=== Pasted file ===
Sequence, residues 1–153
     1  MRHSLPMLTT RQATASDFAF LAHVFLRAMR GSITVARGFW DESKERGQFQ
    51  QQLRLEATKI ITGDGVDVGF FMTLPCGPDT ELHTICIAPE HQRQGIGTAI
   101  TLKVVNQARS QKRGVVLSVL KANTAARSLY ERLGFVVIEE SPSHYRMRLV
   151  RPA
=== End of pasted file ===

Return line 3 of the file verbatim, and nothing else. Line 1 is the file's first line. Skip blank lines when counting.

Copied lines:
    51  QQLRLEATKI ITGDGVDVGF FMTLPCGPDT ELHTICIAPE HQRQGIGTAI